Trends in retirement plan coverage
March 10, 2006
Although there has been only a slight decline in overall retirement plan coverage, employer-sponsored plans have changed considerably in the last decade.
Participation in defined contribution plans has eclipsed participation in defined benefit plans.
In 1992-93, 32 percent of private-industry workers participated in a defined benefit plan, while 35 percent participated in a defined contribution plan. By 2005, the percentage of employees participating in defined contribution plans had increased to 42 percent, while the percentage participating in defined benefit plans had fallen to 21 percent.
One explanation given for the changes in retirement coverage is the shift in the labor force toward different occupations and industries over the last decade. Particularly relevant is the relative decline in employment among full-time workers, union workers, and workers in goods-producing establishments. Traditionally, employers in good-producing industries, especially mining and manufacturing, have offered defined benefit plans more so than service-producing industries have.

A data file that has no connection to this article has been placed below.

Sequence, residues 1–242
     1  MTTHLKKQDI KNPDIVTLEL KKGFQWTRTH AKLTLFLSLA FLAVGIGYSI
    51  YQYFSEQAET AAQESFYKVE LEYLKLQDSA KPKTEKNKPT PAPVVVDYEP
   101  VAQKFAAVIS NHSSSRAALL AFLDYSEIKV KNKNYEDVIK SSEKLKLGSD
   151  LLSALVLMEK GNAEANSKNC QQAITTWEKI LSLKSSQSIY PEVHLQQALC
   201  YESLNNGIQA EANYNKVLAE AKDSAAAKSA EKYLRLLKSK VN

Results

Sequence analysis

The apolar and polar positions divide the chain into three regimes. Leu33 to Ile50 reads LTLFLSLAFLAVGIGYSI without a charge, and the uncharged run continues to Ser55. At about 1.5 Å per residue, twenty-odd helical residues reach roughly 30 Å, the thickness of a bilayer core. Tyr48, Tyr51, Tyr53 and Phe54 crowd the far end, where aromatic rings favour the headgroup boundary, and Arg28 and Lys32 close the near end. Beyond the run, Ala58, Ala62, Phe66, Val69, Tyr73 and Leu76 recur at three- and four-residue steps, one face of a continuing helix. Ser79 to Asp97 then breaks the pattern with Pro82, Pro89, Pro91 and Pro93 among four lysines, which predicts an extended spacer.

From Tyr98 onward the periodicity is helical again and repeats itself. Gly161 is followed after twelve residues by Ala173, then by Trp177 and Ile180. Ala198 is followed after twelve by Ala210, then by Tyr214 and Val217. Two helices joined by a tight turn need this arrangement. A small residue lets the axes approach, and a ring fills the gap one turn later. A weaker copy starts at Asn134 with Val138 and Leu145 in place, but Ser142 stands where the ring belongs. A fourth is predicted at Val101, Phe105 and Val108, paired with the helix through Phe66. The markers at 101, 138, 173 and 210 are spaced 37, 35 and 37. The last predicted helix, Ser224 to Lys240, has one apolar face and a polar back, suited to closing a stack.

Data in this article are from the BLS National Compensation Survey program. For additional information, see "Trends in retirement plan coverage over the last decade," by Stephanie L. Costo, Monthly Labor Review, February 2006.
Bureau of Labor Statistics, U.S. Department of Labor, The Economics Daily, Trends in retirement plan coverage on the Internet at http://www.bls.gov/opub/ted/2006/mar/wk1/art05.htm (visited January 31, 2015).
Three recent editions of Spotlight on Statistics
Housing: before, during, and after the Great Recession
looks at consumer expenditures on household items, employment in residential construction, prices for household items, and injuries in occupations involved in building and maintaining our homes.
Women veterans in the labor force examines the demographic, employment, and unemployment characteristics of women veterans.
BLS Statistics by Occupation provides an overview of occupational employment and wages with an emphasis on STEM jobs and occupational data by typical entry-level education required.